Does the militia have to be on active duty in order to function as a garrison? I would assume no, since soldiers deployed to other domains still fulfill the garrison requirement. However, I would like to make sure this is the case before I proceed.
Militia must be active to count as garrison. An inactive militia troop is not being paid. Allowing them to count as garrison troops would therefore make the garrison cost… not cost anything.
Moreover, a garrison is intended to secure the domain for the lord. Not having enough garrison reduces the domain’s loyalty to the lord. Why?
Part of securing the domain for the lord is protecting his working peasants from predators. But the inactive militia ARE the working peasants. To the extent they are protecting themselves, they are active. To the extent they are not, they need protection.
But the other part of securing the domain is protecting the lord from unruly peasants. And this is the crux. Even in the absence of external threats, the domain’s loyalty to the lord will go down as unpaid, inactive militia peasants who are “their own garrison” may decide they don’t need a lord at all if they are having to fend for themselves.
OK. That makes total sense. I’ve only been looking at it from the defense-from-foreign-invasion perspective.
I had a similar conundrum for my game; there’s no permanent garrison in Massalia (an aristocratic republic and autonomous polis), but rather the men of property are expected to gear up to defend the city if need be.
That was judged to be a 1/4 charge for garrison, since only some of them would be ready to fight immediately (those manning the gates). Furthermore, they weren’t paid for their service, it was a responsibility expected of a citizen of means.
I’d hope they had lower taxes if they’re acting as the garrison. One of the most tangible reasons for a lord demanding taxes is the expense of protecting the land (in fact, that was the original reason for the nobility’s existence).
Nerdnumber1 has hit upon a great mechanical idea:
The percentage of the garrison cost that is coming from inactive unpaid militia must be matched by an equal reduction in taxes on the peasantry.
Example: A domain has 500 families. Each family pays 6 land gp, 4 service gp, and 2 tax gp, for 6,000gp per month. The lord has to pay 2 gp per family for garrison, or 1,000gp. However, the domain’s garrison actually consists of 100 heavy infantry militia (if mercenaries, these would cost 12gp each, but they are unpaid). The heavy infantry militia count for 1,200gp of garrison. No money is taken, but tax income is reduced by 1,200gp. The lord collects (6,000 - 1,200) 4,800gp.
*Note that the above only makes sense when you realize that the families in ACKS are not actually all exactly paying 6/4/2gp; some are wealthy peasants with rich landholdings, others poor cottars or villeins, etc. Since typically it is the wealthier types who serve as the arms-bearing militia (the yeoman class), they presumably would normally be paying the lion’s share of the taxes.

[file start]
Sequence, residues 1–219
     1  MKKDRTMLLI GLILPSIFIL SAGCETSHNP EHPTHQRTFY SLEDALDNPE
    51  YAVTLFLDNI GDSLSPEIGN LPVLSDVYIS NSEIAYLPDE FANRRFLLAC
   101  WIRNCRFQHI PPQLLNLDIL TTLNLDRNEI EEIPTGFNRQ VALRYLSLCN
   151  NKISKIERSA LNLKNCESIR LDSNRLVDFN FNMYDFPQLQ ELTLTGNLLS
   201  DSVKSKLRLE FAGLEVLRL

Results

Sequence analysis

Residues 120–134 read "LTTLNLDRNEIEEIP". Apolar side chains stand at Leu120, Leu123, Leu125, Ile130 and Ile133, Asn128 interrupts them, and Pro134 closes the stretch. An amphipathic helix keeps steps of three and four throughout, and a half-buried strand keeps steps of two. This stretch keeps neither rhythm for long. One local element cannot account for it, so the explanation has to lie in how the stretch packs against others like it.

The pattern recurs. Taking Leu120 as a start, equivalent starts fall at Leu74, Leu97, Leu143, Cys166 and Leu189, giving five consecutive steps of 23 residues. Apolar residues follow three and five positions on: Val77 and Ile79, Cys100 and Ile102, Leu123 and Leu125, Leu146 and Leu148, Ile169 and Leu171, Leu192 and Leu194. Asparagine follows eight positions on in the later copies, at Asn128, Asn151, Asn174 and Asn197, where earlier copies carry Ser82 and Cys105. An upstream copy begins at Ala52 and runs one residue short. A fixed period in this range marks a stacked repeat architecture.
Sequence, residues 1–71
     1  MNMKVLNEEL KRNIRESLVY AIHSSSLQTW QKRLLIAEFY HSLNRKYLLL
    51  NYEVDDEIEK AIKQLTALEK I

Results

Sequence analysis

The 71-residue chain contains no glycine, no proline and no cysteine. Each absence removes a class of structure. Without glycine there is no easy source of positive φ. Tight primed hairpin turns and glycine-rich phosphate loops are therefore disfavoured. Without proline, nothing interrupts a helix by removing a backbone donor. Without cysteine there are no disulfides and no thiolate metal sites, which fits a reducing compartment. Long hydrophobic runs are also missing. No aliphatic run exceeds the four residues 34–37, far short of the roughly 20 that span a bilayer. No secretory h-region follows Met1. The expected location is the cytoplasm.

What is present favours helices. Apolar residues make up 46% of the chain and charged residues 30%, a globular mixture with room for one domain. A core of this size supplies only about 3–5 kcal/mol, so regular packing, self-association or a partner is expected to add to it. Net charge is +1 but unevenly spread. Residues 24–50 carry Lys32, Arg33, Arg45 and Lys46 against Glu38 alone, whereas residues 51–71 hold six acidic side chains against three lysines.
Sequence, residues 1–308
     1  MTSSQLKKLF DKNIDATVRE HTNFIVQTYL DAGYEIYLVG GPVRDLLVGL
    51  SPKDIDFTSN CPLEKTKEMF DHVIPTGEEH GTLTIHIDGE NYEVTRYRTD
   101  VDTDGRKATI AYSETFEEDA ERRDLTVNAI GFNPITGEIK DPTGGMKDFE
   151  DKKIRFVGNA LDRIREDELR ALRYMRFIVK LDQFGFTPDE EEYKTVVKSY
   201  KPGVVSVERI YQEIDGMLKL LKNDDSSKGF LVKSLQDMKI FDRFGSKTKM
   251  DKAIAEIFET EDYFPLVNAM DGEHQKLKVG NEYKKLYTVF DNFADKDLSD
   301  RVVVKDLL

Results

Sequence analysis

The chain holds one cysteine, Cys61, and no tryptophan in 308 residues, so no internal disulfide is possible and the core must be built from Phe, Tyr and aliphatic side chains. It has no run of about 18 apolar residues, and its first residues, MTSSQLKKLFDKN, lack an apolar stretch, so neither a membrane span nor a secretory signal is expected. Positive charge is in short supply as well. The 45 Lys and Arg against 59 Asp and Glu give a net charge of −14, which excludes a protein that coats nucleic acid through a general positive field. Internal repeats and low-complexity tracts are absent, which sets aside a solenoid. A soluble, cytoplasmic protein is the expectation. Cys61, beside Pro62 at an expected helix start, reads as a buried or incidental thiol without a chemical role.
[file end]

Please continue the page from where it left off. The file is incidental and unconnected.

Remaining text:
That’s sort-of what I was getting at, but I wonder how that compares to the moral bonus/penalties of having no official garrison but having reduced taxes. I don’t have the book with me, but I assume that the normal taxes and garrison is better for moral.
As I said, Massalia was an aristocratic republic; there wasn't a "lord" to whom the citizens pay taxes for defense (though there was a civic entity where resources were pooled, like in any modern city). The richest men were expected to defend their homes and clients and contribute towards the city's defense.
This was the same sort of setup in most Greek cities, which were autonomous and self-governing. The exception was if they were ruled by a tyrant, who usually had a mercenary army at his disposal to keep order and prevent the aristocrats overthrowing him.
Though in the time of the Persian empire, those under their dominion were taxed and tithed by the satrap governing the region in which the city was located.
In antiquity some of the assumptions were very different from those of the medieval era.
It’s a wash. Reducing taxes by 1gp/family adds one to morale change rolls and reducing garrison by 1gp/family subtracts one from morale change rolls.
I’ve been thinking about formation and militia. Something along the lines of requiring a minimum amount of drilling as a proper unit not to be classed as Irregular Foot.
I’m thinking of many ancient Greek city-states, particularly in Ionia where they individual men might train regularly at the gymnasium and practise with their weapons, but rarely form as a unit to practise moving together. So while each man might be fit, strong, capable and well-equipped, as a unit they’re pretty hopeless until they’ve been on campaign for a bit. Or someone forces them to turn out together to practise moving by files and so on.
This is implicitly covered in D@W: Campaigns. Militia are going to be Irregular Foot (with poor unit stats!) when first recruited, unless trained and better equipped, which is expensive (and very dangerous if your realm revolts).
Well, as above the complication is that as individuals, they’re capable and well-equipped. Where they are lacking is as a unit.
You could equip and stat them as heavy infantry but assign them Irregular Foot for their unit type. I think that would offer a reasonable simulation of well-equipped but citizen hoplites.
Sounds like a good compromise. Then after a month or two of campaigning, they could change formation.